Season 7, Episode 12: ‘Admirals Fund’
Am I at a loss for words over the series finale of “Billions”? That depends. Do hooting and hollering count as “words”?
There’s no other way to put this: In its final hour, “Billions” delivered, and delivered, and delivered. It saw what it needed to do — spend 45 minutes beating the living snot out of Mike Prince, and the remaining 15 minutes depicting beloved characters being really nice to each other for a change — and by God did it. In the process, it gave us that rarest of prestige-TV commodities: a happy ending.
To get there, the show pulled a neat trick, in the form of its short, simplistic penultimate episode. Mike Prince appeared to win decisively over his enemies Chuck, Axe, Wendy, Taylor and Wags — but that was just the setup for the finale’s punchline. Virtually nothing we saw during that second-to-last installment was as it seems. The finale’s raison d’être was simply to show you how it all really went down.
It’s clear from the confidence on the faces of Taylor, Bobby, Chuck and Wendy in the first shot that things are nowhere near as dire as they seemed at the end of the previous episode. Kate’s arrival on the scene moments later only confirms what I’d come to suspect last week: The forces of good had an inside woman, who for two months has been undermining an oblivious Prince.
But wait, there’s more! Philip, too, is a double agent, and has been from virtually the moment Prince ruined Philip’s mentor. His big show of distancing himself from Wendy’s scheme was just that, a show. And while Kate really did ferret out the anti-Prince conspiracy on her own, she ratted it out to Mike as a way of furthering it, not destroying it. Every move Kate and Philip have made since — most importantly allocating sole control of investing power to Philip, then outsourcing all investing decisions to Winston’s algorithm — has been made with the destruction of Prince in mind.
Rather deliciously, the crew use the moment of Mike’s greatest triumph — his admittance to Camp David for his first, and as it turns out only, presidential security briefing — to effect his greatest defeat. While he and Scooter are off the grid, the forces of good use Winston’s algorithm, by now thoroughly hacked by Taylor, to pour Prince’s money into the natural gas sector. But wouldn’t you know it: News of a full-court press against alleged collusion between the big gas companies and various sinister petro-states just happens to leak from Chuck’s office at that moment.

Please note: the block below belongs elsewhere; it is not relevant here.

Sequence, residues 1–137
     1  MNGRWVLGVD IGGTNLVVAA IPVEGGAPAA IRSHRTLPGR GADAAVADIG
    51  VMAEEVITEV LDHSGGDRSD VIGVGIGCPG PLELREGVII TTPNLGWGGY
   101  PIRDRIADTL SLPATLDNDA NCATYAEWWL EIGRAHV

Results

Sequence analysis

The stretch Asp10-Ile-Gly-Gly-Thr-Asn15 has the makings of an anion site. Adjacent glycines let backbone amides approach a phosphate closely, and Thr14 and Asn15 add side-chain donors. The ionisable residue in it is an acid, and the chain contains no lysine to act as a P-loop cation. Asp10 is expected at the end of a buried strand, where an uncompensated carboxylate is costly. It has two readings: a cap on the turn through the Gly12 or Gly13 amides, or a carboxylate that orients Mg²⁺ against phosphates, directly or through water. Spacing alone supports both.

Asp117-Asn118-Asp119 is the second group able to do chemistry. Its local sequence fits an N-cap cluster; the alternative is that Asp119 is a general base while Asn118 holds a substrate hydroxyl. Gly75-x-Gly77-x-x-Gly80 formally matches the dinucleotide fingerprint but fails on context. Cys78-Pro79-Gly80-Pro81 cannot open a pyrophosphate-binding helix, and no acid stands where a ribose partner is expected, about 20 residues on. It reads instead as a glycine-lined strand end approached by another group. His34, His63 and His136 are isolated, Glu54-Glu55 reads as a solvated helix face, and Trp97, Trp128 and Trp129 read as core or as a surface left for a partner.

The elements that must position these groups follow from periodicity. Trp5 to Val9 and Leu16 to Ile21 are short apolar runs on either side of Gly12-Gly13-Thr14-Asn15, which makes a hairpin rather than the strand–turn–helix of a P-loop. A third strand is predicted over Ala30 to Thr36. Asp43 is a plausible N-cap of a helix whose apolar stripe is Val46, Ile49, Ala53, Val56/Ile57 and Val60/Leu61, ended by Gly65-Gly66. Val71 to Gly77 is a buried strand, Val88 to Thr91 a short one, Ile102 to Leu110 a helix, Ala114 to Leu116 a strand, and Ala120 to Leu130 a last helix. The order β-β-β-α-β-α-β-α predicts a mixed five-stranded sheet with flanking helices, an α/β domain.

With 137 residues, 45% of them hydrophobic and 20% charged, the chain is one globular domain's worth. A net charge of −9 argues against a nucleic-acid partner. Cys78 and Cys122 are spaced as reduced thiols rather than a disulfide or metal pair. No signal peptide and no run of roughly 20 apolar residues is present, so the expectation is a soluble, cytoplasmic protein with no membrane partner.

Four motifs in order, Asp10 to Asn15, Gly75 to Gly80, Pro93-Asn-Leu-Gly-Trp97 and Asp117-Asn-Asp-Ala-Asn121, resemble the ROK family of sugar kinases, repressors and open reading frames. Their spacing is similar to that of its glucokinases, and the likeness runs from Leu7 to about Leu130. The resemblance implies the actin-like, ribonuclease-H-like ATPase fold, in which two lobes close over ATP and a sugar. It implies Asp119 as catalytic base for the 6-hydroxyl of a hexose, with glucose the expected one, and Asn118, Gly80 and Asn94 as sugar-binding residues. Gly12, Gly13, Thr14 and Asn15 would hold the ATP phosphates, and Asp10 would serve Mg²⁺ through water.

The stocks tank. The algorithm and Prince’s own strict rules forbid his company from doing anything to save itself. In minutes, Mike Prince is a billionaire no more. His money, and his public image as a genius for having made it all himself, has vanished — and with it, his sole qualification for the presidency.
Prince’s subsequent meltdown, climaxing in tossing a printer through Wendy’s glass wall — a scene teased in the season premiere — is an absolute joy to behold. It illustrates not just that his cause is truly lost, but how manifestly unfit he was to ever win it. The additional revelation that even his running mate, Nancy, was in on the plot is further proof that Prince’s powers of observation ultimately take a back seat to his ego. Definitely not the kind of person you want carrying the nuclear football!
The hits just keep on coming. Chuck, Taylor and even Wendy were prepared to bankrupt every Prince Cap employee if it meant stopping Mike and saving the country and, as Chuck argues, all life on earth. Axe, though, couldn’t quite get himself on board with all that collateral damage to people he likes. So he does what Bobby Axelrod does and thinks his way around it.
Axe siphons the money of every employee into something called the Admirals Fund — an invite-only selection of the firm’s choicest investments, available only to the old Axe Cap inner circle. Once Prince is ruined, Axe has Chuck and Amanda (who proves to be a loyal lieutenant in Chuck’s army) announce that the collusion investigation is bogus, and that all the companies involved are in the clear. Since those investments were secretly kept intact within the Admirals Fund, Axe has made all of his once and future employees filthy rich.
Even Scooter’s bacon gets saved. Following Prince’s defeat, the man Wags calls the best second-in-command he’s ever seen quits the ex-candidate’s employ to go it on his own, leaving Mike completely alone. He now finds himself with $100 million — the exact same amount left to Prince — thanks to his nephew Philip. The two men patch things up before Scooter leaves to pursue his dream: to become an orchestral conductor at last.
All our heroes get that kind of emotional send off. In pair after pair, they make their peace and call it a job well done: Axe and Taylor, Axe and Wendy, Wendy and Taylor, Scooter and Wags, Wags and Axe — and of course Chuck and Axe, who shake hands and agree that while they may once again cross swords in the future, they’ll do their best to keep it clean in the interim.
The episode — the series — ends with Chuck and Wendy eating dinner with their kids. That dinner is served by Bryan Connerty, once Chuck’s Padawan apprentice, cooking at his hibachi restaurant one last time following his reinstatement to the bar as a favor from Chuck and Kate, who’s working for the Southern District of New York once again. Spouses no more but better friends than perhaps they’ve ever been, they eat and talk and laugh until the final cut to black.